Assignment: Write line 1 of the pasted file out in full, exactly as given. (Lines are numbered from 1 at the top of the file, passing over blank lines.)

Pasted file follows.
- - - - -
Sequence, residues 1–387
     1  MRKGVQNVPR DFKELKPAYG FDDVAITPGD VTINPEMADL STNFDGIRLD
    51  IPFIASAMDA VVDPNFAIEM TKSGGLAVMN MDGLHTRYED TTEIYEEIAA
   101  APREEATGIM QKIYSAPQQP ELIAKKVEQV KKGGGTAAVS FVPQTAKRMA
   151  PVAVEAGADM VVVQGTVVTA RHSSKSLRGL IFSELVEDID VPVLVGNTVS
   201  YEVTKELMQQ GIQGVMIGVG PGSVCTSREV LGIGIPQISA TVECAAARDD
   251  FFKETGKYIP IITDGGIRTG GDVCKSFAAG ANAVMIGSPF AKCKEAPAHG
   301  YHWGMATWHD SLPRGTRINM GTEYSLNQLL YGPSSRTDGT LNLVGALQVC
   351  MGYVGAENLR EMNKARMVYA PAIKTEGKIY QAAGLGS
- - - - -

Sequence, residues 1–387